Resonance-enhanced x-rays in thin films: a structure probe for membranes and surface layers

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Science  30 Oct 1992:
Vol. 258, Issue 5083, pp. 775-778
DOI: 10.1126/science.1439784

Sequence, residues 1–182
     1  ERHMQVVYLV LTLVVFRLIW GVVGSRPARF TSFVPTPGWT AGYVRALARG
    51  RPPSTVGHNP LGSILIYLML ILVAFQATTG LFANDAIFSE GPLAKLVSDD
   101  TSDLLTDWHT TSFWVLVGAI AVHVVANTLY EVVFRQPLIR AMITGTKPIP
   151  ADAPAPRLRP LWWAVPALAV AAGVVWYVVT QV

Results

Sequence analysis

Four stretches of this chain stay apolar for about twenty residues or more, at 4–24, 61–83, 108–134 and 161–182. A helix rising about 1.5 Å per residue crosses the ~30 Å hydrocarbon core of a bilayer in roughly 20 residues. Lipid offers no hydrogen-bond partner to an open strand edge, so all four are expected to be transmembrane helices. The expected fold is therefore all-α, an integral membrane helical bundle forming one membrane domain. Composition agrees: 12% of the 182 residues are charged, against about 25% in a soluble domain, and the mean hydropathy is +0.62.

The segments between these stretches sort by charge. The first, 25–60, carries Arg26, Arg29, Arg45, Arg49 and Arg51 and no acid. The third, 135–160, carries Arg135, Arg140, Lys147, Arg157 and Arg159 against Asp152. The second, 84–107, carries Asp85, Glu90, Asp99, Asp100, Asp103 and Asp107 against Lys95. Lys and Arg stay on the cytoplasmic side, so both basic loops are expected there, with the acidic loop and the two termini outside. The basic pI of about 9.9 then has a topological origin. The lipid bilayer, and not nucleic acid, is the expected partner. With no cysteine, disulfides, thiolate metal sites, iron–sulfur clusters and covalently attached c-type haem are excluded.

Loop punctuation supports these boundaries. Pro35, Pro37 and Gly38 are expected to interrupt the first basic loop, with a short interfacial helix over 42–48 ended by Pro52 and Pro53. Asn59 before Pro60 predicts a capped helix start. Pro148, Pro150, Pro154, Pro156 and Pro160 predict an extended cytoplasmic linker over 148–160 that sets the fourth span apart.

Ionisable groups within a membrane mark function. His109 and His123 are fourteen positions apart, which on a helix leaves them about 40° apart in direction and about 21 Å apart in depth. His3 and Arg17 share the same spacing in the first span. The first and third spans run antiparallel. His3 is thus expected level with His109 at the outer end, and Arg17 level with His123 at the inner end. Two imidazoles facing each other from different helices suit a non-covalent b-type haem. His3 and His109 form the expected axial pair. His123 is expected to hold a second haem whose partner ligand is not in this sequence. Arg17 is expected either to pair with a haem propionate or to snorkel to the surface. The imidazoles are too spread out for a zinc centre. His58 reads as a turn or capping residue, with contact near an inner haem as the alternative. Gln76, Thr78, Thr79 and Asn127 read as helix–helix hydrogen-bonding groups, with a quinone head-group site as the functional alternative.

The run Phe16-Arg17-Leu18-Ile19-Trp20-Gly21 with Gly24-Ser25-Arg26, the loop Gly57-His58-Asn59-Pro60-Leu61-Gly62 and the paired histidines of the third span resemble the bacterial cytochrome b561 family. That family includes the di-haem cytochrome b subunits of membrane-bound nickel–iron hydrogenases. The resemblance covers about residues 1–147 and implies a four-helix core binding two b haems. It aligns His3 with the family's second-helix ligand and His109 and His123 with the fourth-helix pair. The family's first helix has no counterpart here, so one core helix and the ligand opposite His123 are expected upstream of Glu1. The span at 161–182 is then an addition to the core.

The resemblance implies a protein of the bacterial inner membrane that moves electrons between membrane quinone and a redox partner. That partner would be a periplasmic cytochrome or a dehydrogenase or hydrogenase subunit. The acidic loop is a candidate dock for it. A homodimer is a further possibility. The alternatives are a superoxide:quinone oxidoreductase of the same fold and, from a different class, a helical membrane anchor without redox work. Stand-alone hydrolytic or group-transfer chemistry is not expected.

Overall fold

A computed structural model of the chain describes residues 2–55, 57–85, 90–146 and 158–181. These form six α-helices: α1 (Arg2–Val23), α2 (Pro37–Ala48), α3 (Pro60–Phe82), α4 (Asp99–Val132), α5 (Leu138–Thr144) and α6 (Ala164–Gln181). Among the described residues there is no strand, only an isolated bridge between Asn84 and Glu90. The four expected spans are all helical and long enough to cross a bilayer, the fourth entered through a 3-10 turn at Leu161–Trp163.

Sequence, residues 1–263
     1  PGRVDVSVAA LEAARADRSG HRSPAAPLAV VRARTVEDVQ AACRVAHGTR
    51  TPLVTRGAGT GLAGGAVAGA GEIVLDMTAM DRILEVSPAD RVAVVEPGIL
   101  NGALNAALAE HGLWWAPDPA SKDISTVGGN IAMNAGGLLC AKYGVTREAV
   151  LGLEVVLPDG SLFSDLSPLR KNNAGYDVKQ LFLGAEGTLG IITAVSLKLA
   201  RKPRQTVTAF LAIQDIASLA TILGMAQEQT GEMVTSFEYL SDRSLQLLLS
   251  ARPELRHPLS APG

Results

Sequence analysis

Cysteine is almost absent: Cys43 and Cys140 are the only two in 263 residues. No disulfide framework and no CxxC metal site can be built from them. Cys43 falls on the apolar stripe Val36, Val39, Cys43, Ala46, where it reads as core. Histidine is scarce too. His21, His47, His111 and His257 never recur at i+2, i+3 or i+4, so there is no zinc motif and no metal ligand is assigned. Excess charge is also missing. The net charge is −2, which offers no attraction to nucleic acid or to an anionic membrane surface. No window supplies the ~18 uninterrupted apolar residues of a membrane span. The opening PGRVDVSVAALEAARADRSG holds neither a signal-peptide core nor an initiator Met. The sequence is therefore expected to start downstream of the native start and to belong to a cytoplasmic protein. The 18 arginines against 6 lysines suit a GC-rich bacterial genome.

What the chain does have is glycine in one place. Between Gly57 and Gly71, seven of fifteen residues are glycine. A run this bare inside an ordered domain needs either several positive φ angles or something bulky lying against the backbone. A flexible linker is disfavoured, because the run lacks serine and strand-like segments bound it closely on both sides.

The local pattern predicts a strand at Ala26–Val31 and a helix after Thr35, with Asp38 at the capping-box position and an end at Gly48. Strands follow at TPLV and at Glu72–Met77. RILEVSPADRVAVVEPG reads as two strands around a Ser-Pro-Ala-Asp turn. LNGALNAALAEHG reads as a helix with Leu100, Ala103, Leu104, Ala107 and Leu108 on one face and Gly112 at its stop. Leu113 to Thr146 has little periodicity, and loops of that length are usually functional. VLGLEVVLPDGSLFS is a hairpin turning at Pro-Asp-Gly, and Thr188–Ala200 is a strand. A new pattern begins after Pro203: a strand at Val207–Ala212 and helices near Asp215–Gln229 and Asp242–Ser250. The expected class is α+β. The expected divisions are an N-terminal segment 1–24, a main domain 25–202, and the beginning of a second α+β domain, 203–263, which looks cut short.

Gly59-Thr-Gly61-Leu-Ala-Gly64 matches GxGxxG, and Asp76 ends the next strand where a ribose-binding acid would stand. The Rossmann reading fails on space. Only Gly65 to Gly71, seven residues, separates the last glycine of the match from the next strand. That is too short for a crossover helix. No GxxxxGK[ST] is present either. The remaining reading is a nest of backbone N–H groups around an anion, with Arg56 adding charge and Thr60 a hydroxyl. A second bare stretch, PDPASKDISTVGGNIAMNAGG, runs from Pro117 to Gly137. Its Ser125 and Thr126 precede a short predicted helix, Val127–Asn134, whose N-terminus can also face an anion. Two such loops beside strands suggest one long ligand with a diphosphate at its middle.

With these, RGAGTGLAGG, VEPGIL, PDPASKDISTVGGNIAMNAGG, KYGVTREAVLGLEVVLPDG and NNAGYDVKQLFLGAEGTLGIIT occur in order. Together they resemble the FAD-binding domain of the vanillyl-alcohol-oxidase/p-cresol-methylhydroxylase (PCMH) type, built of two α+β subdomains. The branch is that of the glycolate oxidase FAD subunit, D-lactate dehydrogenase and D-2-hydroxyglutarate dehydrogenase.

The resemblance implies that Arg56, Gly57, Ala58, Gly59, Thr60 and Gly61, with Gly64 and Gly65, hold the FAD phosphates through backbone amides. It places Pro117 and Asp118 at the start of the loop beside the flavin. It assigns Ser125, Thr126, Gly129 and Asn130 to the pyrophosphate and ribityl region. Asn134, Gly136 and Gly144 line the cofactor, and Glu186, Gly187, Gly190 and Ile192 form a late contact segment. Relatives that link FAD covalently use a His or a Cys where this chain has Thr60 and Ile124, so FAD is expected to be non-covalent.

An x-ray resonance effect in an organic thin film on an x-ray reflecting mirror is reported. The resonance effect is the result of interference between reflected and refracted x-rays at the air-organic thin film interface and occurs at incident angles slightly above the critical angle of the film. In excellent agreement with theory, the primary resonant x-ray electric field that is confined in the organic thin film is approximately 20 times as intense as the electric field of the incident beam when measured at a position close to the center of the film. Resonance-enhanced x-rays can be used to characterize the internal structure of Langmuir-Blodgett thin film membranes. This effect may also find use in x-ray-based thin film devices and in the structural analysis of adlayers and surfaces that have thus far proved difficult, if not impossible, to study because of sensitivity limitations.